America has taken cynicism towards multilateralism to a whole new level. Just look at the issue of America and Iran. Every few months, America goes back to the United Nations Security Council (UNSC) to get a resolution against Iran. It hopes to use the legitimacy of the UN to send a message to Iran that the world disapproves of its behaviour. America is right. The UN does enjoy this legitimacy in the eyes of the world’s population, despite the many flaws of the UN. But the world has also become sceptical of America’s efforts to use the UN because America had violated the spirit, if not the letter, of the UN’s principles by going to war in Iraq without an enabling UNSC resolution. Most international lawyers and Kofi Annan believe that the American invasion of Iraq was illegal. Can a violator of UN principles become an enforcer? Can a thief become a judge?

In an act of even greater cynicism, America sent an Ambassador to the UN, John Bolton, who believed that his mission was not to strengthen but to weaken the UN. He famously declared that “if the UN building lost ten stories, it wouldn’t make a bit of difference”.

A favourite American expression is that there is no such thing as a free lunch. There is also no such thing as cost-free cynicism. The rampant American cynicism towards the UN in particular and multilateralism in general could now dangerously erode and destroy the 1945 rules-based order when the world has never needed it more. Both China and India will be the biggest losers if this happens. Its destruction could well prevent and derail their peaceful re-emergence of both these great powers.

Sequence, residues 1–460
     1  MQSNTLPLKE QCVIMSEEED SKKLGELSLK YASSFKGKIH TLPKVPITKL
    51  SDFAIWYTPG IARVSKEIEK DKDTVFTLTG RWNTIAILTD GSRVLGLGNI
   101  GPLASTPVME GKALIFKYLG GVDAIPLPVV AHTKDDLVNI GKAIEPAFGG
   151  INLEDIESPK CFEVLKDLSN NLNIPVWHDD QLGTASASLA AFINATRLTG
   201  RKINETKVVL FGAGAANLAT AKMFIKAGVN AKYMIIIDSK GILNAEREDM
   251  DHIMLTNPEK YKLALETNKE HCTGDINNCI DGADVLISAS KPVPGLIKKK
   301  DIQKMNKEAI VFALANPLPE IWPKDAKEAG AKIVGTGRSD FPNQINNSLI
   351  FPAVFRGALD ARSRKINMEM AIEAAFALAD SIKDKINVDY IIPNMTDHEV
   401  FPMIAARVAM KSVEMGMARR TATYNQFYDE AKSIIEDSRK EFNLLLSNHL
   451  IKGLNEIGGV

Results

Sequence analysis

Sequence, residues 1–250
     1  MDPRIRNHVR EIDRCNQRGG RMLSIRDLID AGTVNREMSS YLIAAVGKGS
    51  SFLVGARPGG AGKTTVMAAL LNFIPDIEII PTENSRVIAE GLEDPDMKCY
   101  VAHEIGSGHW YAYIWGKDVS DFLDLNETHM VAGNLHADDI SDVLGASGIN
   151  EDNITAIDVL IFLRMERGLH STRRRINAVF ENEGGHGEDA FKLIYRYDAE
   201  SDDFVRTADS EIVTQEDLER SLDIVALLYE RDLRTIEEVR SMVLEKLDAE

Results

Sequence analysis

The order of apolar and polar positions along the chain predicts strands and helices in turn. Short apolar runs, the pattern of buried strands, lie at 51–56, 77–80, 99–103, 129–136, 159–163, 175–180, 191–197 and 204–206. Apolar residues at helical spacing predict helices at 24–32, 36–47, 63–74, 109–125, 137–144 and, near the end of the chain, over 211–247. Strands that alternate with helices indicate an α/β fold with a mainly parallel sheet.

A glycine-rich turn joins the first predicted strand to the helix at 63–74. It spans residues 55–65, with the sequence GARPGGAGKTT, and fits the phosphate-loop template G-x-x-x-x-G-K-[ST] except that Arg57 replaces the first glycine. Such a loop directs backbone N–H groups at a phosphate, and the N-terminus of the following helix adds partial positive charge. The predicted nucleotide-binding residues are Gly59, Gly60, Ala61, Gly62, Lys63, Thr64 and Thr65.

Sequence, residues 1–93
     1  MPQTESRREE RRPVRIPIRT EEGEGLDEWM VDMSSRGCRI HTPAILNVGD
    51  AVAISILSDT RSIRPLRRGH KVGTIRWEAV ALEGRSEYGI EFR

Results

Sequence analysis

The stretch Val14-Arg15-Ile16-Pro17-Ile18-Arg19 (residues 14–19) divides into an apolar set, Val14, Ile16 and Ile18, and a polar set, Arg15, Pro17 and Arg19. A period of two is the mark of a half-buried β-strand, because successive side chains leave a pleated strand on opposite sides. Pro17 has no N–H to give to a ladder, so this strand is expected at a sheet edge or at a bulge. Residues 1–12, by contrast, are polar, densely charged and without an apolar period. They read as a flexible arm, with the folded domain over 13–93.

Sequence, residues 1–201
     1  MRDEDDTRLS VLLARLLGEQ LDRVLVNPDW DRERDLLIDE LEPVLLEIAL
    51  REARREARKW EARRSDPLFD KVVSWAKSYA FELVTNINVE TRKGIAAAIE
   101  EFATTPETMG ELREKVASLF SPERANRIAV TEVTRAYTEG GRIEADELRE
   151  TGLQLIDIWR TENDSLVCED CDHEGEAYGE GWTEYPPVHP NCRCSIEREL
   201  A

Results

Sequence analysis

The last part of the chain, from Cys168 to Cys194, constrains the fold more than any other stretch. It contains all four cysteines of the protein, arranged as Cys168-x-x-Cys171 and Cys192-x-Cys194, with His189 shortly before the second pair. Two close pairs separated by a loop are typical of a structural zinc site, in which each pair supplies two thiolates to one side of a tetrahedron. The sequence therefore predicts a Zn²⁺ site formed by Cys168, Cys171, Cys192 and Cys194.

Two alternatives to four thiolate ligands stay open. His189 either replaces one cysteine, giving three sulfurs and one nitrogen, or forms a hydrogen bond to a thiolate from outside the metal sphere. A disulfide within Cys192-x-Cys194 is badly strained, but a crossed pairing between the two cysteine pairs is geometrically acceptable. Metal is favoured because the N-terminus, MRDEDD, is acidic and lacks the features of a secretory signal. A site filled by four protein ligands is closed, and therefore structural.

It is as difficult to explain the critical importance of multilateralism to a lay audience as it is to illustrate the importance of oxygen. We know that without oxygen we would suffocate but we only truly understand this if we are thrown into a room without oxygen. By then, it may be too late. Similarly, one reason why the world is a reasonably stable place is because a sea of norms has been created in all fields to manage growing global interdependence. This sea of norms is a valuable heritage that humanity has developed.

But no norms can survive on their own. Neither would a sea of norms. Norms need custodianship. With America and Europe losing faith in multilateral norms, the responsibility should pass on to the new rising powers, China and India, to maintain these norms. Indeed, both China and India want to preserve them, but only India can provide the leadership to do so. China cannot, for a simple geopolitical reason. The rise of India is not generating alarm in Washington DC. The rise of China is. Hence, China, in an effort to assuage American concerns, is deliberately trying to avoid assuming any kind of global leadership. When the Cancun trade meetings failed, Indian Trade and Industry Minister Kamal Nath could confidently explain India’s position and challenge the American and European perspectives. The Chinese Trade Minister said nothing.

By default, the weight of global leadership may fall on India’s shoulders. Fortunately, India is well-qualified to provide such leadership. Its credentials as the world’s largest democracy; its open, tolerant and inclusive culture; its unique geopolitical and cultural position as a bridge between East and West provides it a unique opportunity to provide the leadership for forging new forms of global governance that spaceship Earth desperately needs as it sails into the future.

Kishore Mahbubani is Dean, Lee Kuan Yew School of Public Policy at the National University of Singapore.

He is the author of The New Asian Hemisphere: The Irresistible Shift of Global Power to the East.